Baton Rouge’s Kenny Neal aches over his city’s violence

Kenny Neal
Kenny Neal is the real deal who will headline the Genoa Blues Festival on July 30.
Photo by Dusty Scott / Blind Pig Records

A patriarch of Baton Rouge’s first family of music says his “heart is broken on both sides” after that city’s recent tragedies.

“We’ve got to come together and make things right,” said Kenny Neal, who was close with people involved.

Three police officers were killed Sunday and another three wounded in what has been described as an “ambush-style” attack, which occurred less than two weeks after a Baton Rouge man was shot to death by police.

Neal arrived home from New York that day.

“I was here a week before last and the tensions were high,” Neal said. “People were very upset. We’ve got to get together and make this right and make this better for everybody. I am friends with a lot of these officers. I am friends with the chief of police, we went to first grade together. The mayor … he’s a very close friend to the family.

“And on the other side of it, (Alton Sterling, the man killed by police on July 5) was my nephew’s first cousin. I’ve known that family all my life, and I knew him as well. For me, it’s just hurt. My heart is broken on both sides.”

Neal said events with music and food, such as his Kenny Neal Family and Friends Heritage Festival, help bond people from different parts of the community.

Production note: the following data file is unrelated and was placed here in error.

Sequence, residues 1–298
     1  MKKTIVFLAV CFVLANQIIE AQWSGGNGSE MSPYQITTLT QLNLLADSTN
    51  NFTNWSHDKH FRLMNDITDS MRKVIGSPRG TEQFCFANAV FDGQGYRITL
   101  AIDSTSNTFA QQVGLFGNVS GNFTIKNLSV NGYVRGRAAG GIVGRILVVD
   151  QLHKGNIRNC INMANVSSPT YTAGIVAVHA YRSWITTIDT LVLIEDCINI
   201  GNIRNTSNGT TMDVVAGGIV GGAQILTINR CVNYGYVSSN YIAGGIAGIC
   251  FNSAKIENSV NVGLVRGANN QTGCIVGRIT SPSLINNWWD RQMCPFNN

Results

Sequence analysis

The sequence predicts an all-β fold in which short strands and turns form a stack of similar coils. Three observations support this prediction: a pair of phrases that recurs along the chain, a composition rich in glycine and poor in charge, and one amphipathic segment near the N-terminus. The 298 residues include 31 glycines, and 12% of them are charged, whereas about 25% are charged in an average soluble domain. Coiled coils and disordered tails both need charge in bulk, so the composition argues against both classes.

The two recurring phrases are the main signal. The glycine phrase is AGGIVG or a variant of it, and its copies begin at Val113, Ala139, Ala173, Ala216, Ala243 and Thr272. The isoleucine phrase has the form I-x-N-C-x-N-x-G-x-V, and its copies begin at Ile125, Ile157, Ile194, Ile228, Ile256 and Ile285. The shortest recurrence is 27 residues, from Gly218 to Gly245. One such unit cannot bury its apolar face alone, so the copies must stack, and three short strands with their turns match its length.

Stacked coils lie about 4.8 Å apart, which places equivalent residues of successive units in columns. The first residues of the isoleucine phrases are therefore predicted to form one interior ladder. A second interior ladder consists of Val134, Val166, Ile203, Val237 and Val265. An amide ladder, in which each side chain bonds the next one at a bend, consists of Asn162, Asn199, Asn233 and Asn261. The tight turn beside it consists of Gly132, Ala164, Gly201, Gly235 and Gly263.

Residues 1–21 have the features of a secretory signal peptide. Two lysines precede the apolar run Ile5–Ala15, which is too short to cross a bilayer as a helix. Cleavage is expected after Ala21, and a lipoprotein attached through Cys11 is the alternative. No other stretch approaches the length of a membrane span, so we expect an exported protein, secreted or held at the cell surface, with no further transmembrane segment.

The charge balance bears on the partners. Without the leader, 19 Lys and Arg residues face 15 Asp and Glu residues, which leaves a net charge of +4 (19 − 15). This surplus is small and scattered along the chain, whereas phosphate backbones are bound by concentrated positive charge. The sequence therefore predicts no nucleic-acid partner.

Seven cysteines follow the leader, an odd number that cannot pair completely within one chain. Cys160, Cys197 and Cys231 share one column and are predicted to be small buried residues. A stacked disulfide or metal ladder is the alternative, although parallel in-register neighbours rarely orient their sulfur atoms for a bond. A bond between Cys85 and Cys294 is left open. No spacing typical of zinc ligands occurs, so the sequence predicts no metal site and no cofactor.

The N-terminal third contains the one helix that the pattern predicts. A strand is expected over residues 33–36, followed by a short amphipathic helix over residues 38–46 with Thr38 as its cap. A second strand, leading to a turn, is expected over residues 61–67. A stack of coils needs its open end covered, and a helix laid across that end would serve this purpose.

“At my festival, we’ve got everybody there just having a great day and I think that’s the way our community should pull together as well and I’m sure we will,” he said.

Perhaps inspired by Neal’s festival, South Lake Tahoe’s Brad Andres is putting on his own public event for the first time. The Genoa Blues Festival on Saturday, July 30, features Kenny Neal and the Family Band, Grady Champion and the Buddy Emmer Blues Band. Neal shared a secret Cajun food recipe along with some advice.

“I’ve known Brad for a few years,” Neal said. “He’s a great guy. That’s my brother from another mother. I told him to go ahead with the festival and go full force with it because I thought it was a great idea. He’s got a passion for the music and I want to be there all the way to help make this thing take off. I tried (organizing) myself about five years ago and the first couple of years were a little rough and now it’s smoothing out. Now I am getting support from the city of Baton Rouge and hopefully he’ll get some support there. Every year it would get a little easier. And that’s what I told Brad. You’ve got to go for it.”

Andres hopes to make it an annual event, and Neal said he will continue to help.

“I know we have some great blues lovers in that area and I know a lot of the blues guys on the circuit,” Neal said. “We’ll try it this year and next year will try to bring some of the heavyweight blues bands out there.”

Gates for the Genoa Blues Festival open at Saturday, July 30, at 2 p.m. and the music will last until about 7. General Admission tickets are $32.50. VIP tickets, which include food and special seats, are $48.50. All tickets are available at Eventbrite.com.

To purchase tickets, click HERE

VIP tickets get special seating and other benefits, while General Admission can spread out on blankets and folding chairs on Mormon Station’s 3½-acre Historic Station State Park, 2295 Main St, Genoa, Nevada 89411.

“I want all the (Tahoe Onstage) readers to come on out and have a good time because that’s what we’re going to bring to the stage,” Neal said. “Laissez les bons temps rouler — Let the good times roll. That’s the way we do it out here.”

ABOUT Tim Parsons

Tim Parsons
Tim Parsons is the editor of Tahoe Onstage who first moved to Lake Tahoe in 1992. Before starting Tahoe Onstage in 2013, he worked for 29 years at newspapers, including the Tahoe Daily Tribune, Eureka Times-Standard and Contra Costa Times. He was the recipient of the 2011 Keeping the Blues Alive award for Journalism.

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